The following characteristics of LAC curve should be noted
- The LAC curve is tangential to the various SAC curves. It is drawn to cover them and is often drown as Envelope curve as no point as SAC curve can ever be below the LAC curve.
- The LAC curve is U-shaped of like a dish. This U-shaped of the LAC curve implies lower and lower average costs in the beginning until the optimum scale of the enterprise is reached and successively higher average costs thereafter i.e. with plants larger than that of the optimum scale. The tendency of the long run average costs to fall as the firm expands its operation scale is a reflection of cost economies available with the increase in size, while the ultimate size in the long run curve is due largely to the eventual setting in of dis-economies of scale. The SAC curve is also U-shaped but the difference is that LAC curve is fatter, that is U-shaped of the LAC curve will be less pronounced. This is because in the long run such economies are possible as cannot be gad in the short run.
- The long average cost curve can never cut a short run curve. Though they are tangential to each other. This implies that for any given output, average cost cannot be higher in the long run than in the short-run. This is because any adjustment that will reduce costs and which it is possible to mase in the short-run con also be made in the long run. On the other side. It is not always possible in the short-run to produce a given output in the cheapest possible way.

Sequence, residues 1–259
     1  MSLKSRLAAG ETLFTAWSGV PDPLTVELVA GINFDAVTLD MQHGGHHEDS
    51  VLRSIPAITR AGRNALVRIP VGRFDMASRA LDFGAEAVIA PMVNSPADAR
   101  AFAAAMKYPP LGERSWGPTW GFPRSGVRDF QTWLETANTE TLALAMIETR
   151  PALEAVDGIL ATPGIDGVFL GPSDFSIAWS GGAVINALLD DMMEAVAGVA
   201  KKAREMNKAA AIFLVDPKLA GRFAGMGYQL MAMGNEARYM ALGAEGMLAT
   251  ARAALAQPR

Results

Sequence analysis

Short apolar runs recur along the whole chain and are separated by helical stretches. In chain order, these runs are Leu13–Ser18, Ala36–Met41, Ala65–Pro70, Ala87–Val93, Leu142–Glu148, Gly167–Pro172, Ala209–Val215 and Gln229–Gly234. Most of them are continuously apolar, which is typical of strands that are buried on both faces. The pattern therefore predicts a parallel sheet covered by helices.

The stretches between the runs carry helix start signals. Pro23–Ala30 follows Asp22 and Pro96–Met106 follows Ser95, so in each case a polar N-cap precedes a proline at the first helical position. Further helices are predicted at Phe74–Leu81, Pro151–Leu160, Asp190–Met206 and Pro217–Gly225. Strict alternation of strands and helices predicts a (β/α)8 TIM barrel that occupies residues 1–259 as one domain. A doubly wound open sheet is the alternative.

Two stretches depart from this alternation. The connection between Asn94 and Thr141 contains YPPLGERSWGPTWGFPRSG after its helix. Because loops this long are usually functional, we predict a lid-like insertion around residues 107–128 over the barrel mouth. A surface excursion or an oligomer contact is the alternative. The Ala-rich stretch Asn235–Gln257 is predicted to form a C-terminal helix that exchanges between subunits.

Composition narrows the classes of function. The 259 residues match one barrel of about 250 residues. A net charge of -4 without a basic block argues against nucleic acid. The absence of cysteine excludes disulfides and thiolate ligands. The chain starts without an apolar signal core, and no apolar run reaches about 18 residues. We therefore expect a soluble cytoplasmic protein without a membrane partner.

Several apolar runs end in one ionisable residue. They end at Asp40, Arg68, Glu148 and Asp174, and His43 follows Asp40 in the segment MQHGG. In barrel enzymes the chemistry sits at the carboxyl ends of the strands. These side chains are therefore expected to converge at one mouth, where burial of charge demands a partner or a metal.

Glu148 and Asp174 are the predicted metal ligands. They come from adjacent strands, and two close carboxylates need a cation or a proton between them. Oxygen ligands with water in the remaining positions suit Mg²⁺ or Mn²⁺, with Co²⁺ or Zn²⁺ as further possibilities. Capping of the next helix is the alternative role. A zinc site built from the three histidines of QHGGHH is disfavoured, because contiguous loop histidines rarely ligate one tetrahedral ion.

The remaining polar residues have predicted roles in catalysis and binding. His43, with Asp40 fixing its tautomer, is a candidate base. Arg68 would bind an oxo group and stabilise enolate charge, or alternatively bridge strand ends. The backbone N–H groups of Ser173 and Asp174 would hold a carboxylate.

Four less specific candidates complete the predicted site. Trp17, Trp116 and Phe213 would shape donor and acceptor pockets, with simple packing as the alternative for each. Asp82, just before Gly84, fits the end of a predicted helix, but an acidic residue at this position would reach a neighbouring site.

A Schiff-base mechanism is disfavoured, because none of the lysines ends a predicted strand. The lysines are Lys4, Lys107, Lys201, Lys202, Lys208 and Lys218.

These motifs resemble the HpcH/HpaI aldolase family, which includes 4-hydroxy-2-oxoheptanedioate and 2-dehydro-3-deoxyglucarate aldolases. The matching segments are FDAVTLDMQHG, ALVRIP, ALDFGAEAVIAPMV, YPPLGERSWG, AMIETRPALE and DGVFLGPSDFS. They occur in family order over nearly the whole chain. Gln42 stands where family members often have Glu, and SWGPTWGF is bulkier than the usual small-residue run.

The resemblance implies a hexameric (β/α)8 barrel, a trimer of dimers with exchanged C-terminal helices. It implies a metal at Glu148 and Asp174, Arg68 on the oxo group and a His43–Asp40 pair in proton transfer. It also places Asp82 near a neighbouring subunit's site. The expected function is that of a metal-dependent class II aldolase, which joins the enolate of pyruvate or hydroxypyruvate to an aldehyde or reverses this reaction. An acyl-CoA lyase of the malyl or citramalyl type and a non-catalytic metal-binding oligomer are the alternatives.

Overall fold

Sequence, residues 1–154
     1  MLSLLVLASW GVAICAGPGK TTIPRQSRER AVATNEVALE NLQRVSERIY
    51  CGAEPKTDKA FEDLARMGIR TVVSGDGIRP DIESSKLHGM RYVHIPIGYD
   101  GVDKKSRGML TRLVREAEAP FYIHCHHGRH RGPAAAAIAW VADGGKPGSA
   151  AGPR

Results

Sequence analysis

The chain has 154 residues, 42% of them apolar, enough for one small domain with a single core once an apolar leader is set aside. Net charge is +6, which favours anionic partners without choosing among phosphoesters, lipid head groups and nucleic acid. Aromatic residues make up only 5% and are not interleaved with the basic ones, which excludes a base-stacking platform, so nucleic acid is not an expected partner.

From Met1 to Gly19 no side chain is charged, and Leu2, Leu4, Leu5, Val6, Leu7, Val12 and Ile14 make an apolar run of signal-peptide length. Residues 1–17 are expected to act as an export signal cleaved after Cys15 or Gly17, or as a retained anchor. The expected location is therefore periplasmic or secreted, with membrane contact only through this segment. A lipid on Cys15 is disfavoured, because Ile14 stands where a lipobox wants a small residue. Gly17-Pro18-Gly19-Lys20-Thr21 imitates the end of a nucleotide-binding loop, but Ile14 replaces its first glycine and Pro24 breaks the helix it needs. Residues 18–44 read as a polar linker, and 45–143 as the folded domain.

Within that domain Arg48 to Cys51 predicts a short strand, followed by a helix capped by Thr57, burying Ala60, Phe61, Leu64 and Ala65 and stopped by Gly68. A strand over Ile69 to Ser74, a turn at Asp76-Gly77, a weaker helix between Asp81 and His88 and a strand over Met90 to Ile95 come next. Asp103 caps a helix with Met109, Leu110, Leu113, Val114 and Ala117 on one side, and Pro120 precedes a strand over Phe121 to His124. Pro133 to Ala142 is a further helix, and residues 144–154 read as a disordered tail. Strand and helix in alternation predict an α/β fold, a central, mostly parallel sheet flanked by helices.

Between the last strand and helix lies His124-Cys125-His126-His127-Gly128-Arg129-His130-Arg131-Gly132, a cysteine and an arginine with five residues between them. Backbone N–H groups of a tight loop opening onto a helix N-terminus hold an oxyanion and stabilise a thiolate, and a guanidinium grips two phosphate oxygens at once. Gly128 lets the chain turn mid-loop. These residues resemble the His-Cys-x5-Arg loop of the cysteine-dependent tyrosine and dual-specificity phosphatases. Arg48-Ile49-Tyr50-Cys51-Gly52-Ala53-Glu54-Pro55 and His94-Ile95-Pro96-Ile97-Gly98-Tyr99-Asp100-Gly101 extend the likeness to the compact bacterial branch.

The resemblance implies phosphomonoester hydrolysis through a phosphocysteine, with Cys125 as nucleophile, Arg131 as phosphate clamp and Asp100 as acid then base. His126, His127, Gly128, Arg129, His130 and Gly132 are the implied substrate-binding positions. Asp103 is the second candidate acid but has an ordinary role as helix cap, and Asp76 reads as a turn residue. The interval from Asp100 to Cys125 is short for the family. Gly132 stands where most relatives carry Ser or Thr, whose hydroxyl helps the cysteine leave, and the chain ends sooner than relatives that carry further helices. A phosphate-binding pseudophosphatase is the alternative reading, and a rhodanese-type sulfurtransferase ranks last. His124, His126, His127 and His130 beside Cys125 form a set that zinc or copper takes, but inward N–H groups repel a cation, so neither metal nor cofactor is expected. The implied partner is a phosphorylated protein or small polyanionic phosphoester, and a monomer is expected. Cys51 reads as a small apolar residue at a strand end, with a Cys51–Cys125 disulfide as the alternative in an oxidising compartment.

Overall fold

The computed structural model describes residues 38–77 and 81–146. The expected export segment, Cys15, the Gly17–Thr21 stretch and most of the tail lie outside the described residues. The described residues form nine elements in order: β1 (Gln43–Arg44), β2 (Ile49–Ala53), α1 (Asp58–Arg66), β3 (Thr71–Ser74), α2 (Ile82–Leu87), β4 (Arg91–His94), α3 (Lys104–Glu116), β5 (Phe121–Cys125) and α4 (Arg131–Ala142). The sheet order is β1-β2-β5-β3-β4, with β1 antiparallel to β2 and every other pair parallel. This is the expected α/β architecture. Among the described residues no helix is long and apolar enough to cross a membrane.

- LAC curve will touch the optimum scale curve. At latter’s cost point i.e., N.
- LAC curve will touch SAC curve lying to the left of the optimum scale. Curve at the left of their least cost points.
- LAC curve will touch SAC cure laying at the right of the optimum scale curve at the right their least cost points. Thus one will find the LAC curve is tangential to the minimum cost point in optimum scale SAC and not in case of other SAC curves.
|Cost that is independent of the output level|
|Variable cost||Cost that varies with the output level|
|Total fixed cost||TFC||Cost of the fixed inputs (equals sum of quantity times unit price for each fixed input)|
|Total variable cost||TVC||Cost of the variable inputs (equals sum of quantity times unit price for each variable input)|
|Total cost||TC||TC=TFC+TVC||Cost of all inputs (equals fixed costs plus variable costs|
|Marginal cost||MC||MC=DTC¸DQ||Change in total cost resulting from a one-unit rise in output (Q) [equals the change in total cost divided by the change in output]|
|Average fixed cost||AFC||AFC=TFC¸Q||Total fixed cost per unit of output [equals total fixed cost divided by total output]|
|Average variable cost||AVC||AVC=TVC¸Q||Total variable cost per unit of output [equals total variable cost divided by total output[|
|Average total cost||ATC or||ATC=AFC+AVC||Total cost per unit of output [equals average fixed cost plus average variable cost]|